TAMPA — Long after everyone else had cleared out of the clubhouse, Plant coach Dennis Braun was going over the previous six innings with sophomore right-hander Jake Woodford.
The two sat in plastic chairs by the edge of the field, talking of improvement and trusting in teammates and keeping the ball down in the strike zone on a full count. Woodford, who cruised early before struggling in his final two innings against Bloomingdale on Tuesday, sat in rapt attention.
So much talent. So much left to learn.
Much the same could be said of the Panthers, who are in the thick of the District 8A-7 title chase with two sophomores recently ranked among the 50 best players nationally in their class and a University of Florida-bound senior compared with former Plant and Gators great Preston Tucker.
“There’s no easy way to learn in this game,” Braun said. “The rankings are nice for the kids. But the end of the day it doesn’t decide anything and it doesn’t win you games.”
Plant (10-5) has lost four of its past seven games, a stretch of uneven play interspersed with moments of brilliance and inexplicable late-game letdowns. Braun points to the youth on his roster, which features only seven seniors among 23 players on the roster.
In the Panthers’ most recent game, a 6-3 victory over Saladino Tournament champion Bloomingdale that was completed Wednesday, only two seniors were in the starting lineup: third baseman Pete Alonso and designated hitter Kyle Woodford.
Leading that youth movement are Kyle Tucker and Jake Woodford — younger brother of Kyle — who were recently included on MaxPreps.com’s list of the top 50 players in the Class of 2015.
The 6-foot-3 Tucker, ranked No. 14 on MaxPreps’ list, has already emerged as one of the top offensive threats in the county. He leads Hillsborough in home runs (five), is tied for first in RBIs (17) and ranks third in batting average (.548).
Many coaches and scouts predict Tucker could someday be a first-round pick in the Major League Baseball draft, surpassing even the exploits and potential of older brother Preston, a former Plant star who became the all-time leader in hits, RBIs, doubles and at-bats at Florida before being drafted in the seventh round by the Houston Astros in July.
“I see what he did in high school and try to match myself up with him,” said Kyle Tucker, whose two homers against Bloomingdale provided the winning margin. “We’ve always been real competitive with each other.”
The Panthers’ other star sophomore, the 6-3 Woodford, has looked every bit like a future pro prospect but still had some moments on the mound that reveal his youth and not-quite harnessed talent.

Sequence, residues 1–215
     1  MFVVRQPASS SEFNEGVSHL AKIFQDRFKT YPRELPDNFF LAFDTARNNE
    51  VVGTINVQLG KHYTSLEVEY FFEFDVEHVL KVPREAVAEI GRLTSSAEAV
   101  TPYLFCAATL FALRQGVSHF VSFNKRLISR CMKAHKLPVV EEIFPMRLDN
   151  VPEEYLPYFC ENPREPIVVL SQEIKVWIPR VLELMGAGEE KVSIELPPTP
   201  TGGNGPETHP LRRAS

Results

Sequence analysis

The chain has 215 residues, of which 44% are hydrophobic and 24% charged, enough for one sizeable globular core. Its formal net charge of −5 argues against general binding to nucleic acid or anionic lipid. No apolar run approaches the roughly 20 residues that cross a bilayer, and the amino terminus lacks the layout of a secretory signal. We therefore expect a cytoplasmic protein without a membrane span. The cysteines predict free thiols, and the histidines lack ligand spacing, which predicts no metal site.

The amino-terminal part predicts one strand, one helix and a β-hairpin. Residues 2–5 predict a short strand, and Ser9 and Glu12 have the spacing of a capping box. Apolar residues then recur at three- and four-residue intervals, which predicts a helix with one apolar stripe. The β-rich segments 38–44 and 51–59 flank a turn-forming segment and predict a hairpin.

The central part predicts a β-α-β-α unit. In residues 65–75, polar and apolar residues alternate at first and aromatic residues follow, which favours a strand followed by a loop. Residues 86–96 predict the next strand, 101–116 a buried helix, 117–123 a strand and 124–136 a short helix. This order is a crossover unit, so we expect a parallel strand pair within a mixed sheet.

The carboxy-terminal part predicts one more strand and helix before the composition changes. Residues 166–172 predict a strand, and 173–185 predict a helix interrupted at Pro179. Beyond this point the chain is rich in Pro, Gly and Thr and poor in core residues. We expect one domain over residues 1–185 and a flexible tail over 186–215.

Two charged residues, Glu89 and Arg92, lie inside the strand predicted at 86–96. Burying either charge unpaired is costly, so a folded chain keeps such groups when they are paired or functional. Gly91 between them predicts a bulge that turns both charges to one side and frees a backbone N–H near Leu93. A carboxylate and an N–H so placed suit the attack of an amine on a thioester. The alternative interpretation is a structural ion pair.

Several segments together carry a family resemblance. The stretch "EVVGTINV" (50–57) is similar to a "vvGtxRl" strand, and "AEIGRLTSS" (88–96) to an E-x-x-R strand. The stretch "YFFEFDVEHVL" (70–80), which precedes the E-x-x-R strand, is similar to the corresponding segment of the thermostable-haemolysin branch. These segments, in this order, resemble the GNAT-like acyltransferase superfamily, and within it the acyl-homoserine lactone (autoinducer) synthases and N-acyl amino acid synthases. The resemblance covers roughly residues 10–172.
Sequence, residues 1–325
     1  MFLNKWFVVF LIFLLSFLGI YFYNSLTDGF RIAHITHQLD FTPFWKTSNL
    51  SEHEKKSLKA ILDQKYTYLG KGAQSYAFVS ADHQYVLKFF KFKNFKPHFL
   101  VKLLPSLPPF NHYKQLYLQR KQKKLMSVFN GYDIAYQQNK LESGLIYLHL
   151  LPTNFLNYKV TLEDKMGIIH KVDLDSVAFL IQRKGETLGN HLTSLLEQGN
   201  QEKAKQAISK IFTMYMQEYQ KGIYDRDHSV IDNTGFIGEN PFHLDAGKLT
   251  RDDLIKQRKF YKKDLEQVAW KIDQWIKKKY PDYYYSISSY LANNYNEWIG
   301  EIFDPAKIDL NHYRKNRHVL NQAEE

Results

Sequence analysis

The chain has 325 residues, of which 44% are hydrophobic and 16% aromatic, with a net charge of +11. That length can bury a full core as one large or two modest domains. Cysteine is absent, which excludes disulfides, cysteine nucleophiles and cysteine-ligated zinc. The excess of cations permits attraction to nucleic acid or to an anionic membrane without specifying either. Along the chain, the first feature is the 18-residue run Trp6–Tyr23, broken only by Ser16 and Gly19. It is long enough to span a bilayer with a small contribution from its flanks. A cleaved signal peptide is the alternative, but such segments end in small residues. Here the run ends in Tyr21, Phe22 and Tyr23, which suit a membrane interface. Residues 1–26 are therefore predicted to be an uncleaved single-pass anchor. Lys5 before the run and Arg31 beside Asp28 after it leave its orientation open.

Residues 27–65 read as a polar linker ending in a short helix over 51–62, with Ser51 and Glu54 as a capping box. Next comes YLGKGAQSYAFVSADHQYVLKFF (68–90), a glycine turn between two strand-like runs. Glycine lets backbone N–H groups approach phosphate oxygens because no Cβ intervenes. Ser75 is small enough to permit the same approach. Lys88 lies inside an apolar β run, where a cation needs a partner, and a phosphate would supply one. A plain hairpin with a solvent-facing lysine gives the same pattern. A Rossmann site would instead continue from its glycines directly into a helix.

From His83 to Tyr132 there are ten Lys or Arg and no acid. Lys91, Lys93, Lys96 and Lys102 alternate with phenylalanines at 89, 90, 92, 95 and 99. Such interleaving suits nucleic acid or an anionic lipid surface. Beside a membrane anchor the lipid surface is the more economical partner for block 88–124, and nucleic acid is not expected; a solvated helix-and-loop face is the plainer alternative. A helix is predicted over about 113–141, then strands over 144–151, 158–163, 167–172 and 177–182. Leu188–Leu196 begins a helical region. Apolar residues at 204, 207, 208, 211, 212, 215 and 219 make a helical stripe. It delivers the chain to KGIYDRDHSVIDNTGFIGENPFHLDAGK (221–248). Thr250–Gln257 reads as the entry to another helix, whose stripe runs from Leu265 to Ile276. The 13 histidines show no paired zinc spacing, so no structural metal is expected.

In his past two starts, against Hillsborough and Bloomingdale, Woodford dominated early — throwing as hard as 94 mph according to at least one scout last week — but surrendered late leads.
Against Hillsborough in the Saladino Tournament, Woodford and the Panthers held a 4-1 lead in the bottom of the seventh before allowing four runs in a defeat that essentially knocked them out of the tourney.
In the start against Bloomingdale on Tuesday, Woodford issued a two-out walk and immediately paid for it when the next hitter doubled in the tying run in the fifth inning.
Woodford said fatigue and excitement played a role in the late-game struggles.
“I’ll keep working at,” he said. “I’ve just got to let it go.”
With so many underclassmen pressed into early playing time, Braun has leaned on seniors like Alonso, who also earned favorable comparisons with Preston Tucker when he signed with Florida in November.
Alonso has embraced the opportunity to move into a leadership role on a team brimming with talented youth. So far he has been a steadying influence both off the field and on, hitting .391 with eight RBIs, three homers and a team-leading seven doubles.
“This year is kind of a rebuilding year,” said Alonso, a two-time first-team all-county selection who led all public school hitters with a .485 average last spring. “But I think the more and more we play together, the better we’ll get every game.”
Indeed. That’s something the Panthers are counting on: eventually their potential will yield better returns in the postseason, unlike last spring when a more experienced team was bounced out of the district tournament in the semifinals.
“We’ve probably got more replacement guys in the field than I’ve had in my nine years here,” Braun said. “But everybody out there can play, and that’s why they’re out there. We’ve basically got 25 practice games to get better.”